I hit the street around 5:10. Everything seemed pretty normal, or at least that's what I wanted it to feel like. The sky was blue and the sun was creating a nice golden amber on the surrounding buildings. I walked a few blocks down and got a message from my mom saying to avoid trash cans as they could have explosives. Walking in a city makes it difficult to avoid these, but I tried. I hadn't received any looks yet, but I was sure I was going to. I walked down Milk Street when I got to Post Office Square. A runner still wearing her bib and foil-looking blanket was at the corner. I wanted to help, but she scooted on ahead, her eye on the prize as it must have been all day during the race. I crossed the park and then craned my head to the sky. Helicopters circled. Hopefully they didn't spot me.

    I crossed over to Franklin and then onto Federal. I was on the home stretch when I got to Dewey Square. There, in front of South Station where my train lay waiting on the track, were several cruisers, some of them K-9 units, and armed officers in bright neon overcoats. I tried to look inconspicuous, but it's hard when you are 6'3" wearing an all black military style coat and carrying what looks like a rifle case.

    Somehow I got through "undetected," and made my way inside to the train information board. There were a lot of people and a lot of officers in the station. It wasn't chaotic, but heavy. A lot of runners were waiting to board trains out of the city. They were still wearing their shorts and carrying their bulky, yellow marathon bags. I stood in the middle of the station soaking in the energy, and at the same time trying not to get tagged for carrying large, suspicious bags on my shoulder.

    I expected to receive more looks from my fellow travelers at the station, but I think it's a product of the day we live in. We are so well connected to one another through various devices that we sometimes fail to notice things around us. Luckily the police force doesn't heed the same lust for connectivity while on duty, but still I "slipped through their fingers," hopefully because I did not look as threatening as I felt I did.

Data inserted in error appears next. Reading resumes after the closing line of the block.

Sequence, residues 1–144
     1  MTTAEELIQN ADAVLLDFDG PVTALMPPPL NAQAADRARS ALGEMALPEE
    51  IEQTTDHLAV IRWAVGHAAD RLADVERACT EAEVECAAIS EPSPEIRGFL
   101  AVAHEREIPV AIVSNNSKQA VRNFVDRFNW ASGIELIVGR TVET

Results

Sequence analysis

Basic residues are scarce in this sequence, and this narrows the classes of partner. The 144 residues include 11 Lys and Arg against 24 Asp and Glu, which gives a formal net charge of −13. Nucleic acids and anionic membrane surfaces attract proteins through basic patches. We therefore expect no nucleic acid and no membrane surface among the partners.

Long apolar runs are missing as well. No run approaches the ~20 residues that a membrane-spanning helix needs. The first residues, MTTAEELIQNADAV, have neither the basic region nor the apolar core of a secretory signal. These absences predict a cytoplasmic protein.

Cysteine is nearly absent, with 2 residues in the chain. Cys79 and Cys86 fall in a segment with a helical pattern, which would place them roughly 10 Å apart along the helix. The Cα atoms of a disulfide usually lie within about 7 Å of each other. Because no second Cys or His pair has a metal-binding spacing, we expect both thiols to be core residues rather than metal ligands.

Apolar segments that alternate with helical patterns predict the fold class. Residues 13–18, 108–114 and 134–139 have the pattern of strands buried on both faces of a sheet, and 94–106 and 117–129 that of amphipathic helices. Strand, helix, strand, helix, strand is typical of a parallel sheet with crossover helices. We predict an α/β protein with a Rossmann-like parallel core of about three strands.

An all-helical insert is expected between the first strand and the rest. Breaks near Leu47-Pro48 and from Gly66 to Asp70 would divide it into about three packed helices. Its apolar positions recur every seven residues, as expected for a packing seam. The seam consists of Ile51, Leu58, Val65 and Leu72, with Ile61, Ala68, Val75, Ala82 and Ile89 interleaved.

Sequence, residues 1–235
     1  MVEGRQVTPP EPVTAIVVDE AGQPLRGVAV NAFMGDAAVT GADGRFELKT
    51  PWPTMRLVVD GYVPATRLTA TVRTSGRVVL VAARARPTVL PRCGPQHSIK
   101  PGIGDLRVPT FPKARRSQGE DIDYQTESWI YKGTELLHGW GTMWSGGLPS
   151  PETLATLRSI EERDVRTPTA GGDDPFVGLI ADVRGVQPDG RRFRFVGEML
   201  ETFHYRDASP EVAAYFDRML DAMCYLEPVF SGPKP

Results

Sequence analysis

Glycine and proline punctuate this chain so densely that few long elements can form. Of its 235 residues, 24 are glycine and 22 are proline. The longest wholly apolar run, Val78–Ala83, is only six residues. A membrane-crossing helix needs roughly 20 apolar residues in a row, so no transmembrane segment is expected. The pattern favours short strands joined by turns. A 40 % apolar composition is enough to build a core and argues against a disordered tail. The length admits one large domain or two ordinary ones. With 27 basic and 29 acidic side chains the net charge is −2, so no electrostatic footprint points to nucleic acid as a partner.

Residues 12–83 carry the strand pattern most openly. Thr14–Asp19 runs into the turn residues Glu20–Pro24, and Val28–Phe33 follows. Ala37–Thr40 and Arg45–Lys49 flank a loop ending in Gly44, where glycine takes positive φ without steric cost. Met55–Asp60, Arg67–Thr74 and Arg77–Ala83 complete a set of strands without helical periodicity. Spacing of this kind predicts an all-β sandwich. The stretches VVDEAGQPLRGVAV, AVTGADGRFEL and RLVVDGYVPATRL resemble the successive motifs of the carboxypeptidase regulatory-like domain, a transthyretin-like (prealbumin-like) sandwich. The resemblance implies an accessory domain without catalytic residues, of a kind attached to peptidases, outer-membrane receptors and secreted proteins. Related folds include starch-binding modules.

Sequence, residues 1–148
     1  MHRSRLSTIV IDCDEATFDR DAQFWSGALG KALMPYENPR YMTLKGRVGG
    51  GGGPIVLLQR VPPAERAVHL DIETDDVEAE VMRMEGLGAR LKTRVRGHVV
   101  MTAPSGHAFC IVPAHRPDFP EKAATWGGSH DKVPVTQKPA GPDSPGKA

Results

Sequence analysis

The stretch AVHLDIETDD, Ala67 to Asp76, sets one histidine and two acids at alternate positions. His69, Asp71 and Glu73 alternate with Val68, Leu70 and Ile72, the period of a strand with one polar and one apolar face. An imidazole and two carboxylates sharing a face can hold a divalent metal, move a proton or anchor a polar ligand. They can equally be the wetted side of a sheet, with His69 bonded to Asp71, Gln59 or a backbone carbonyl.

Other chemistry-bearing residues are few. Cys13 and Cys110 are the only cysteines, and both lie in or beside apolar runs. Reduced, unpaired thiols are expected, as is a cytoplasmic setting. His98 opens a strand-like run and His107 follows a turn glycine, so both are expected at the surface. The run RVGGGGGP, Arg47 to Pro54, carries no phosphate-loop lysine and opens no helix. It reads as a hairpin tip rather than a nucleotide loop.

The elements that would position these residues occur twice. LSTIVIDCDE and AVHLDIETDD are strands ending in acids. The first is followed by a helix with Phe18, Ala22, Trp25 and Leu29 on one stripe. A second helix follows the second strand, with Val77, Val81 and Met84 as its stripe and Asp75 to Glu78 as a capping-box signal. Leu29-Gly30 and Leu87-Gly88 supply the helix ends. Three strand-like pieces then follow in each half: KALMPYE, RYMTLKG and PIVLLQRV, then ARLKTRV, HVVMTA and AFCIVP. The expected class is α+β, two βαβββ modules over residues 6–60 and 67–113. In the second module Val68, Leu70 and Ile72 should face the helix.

I boarded my train bound for Endicott station, miles away from all the commotion, sirens, helicopters, and negative energy. I was greeted by my dad at the train station. He was very glad to see that I was safe and sound. He dropped me off at my apartment where I found Christina resting. She had developed a whopper of a headache from her long day in town. We turned on the TV and watched for a few minutes. The death toll reach three and the injuries surpassed the century mark. Light was fading outside and inside my heart as well. Though I wasn't at the race I felt incredibly impacted by it. I've seen too many tragedies unfold in my lifetime on television, but to have it happen just blocks away was unnerving.

    My biggest regret was that I wasn't there to help. I wasn't there to wheel the injured to safety, to comfort those too weak or too scared, to let someone know that everything would be okay. I wasn't looking for the spotlight on TV. I wanted to make a difference. I was tired of sitting on the sideline squirming with each gruesome detail and account of the horrible event. I looked at my side and saw that Christina was feeling better. She was glad I came home. Maybe I did make a small difference after all.

    I stayed up late and tried to avoid watching news coverage. I was starting to feel sick from it. I watched George Miller's The Road Warrior to try and take my mind off it. It worked for 95 minutes, but then reality sank back in. I went online and checked Facebook. The hundreds of status updates, photographs, and kind words from friends and family all over were so nice to read.

    I'm thankful to be alive, thankful that my friends and family are unscathed, and I'm proud of this city. To those who fell and never got up, we pray for you. To those who are still injured and seeking recovery and redemption, we pray for you. To the global community whose outreach and support has been overwhelming, we thank you.

    On a day where Massachusetts celebrates the brave effort of the colonial soldiers who stood up to the British at the Battle of Lexington and Concord those many years ago, so too shall this great city stand up to all those who oppose us.

    (Dedicated to the victims of the Boston Marathon Bombing of April 15th, 2013)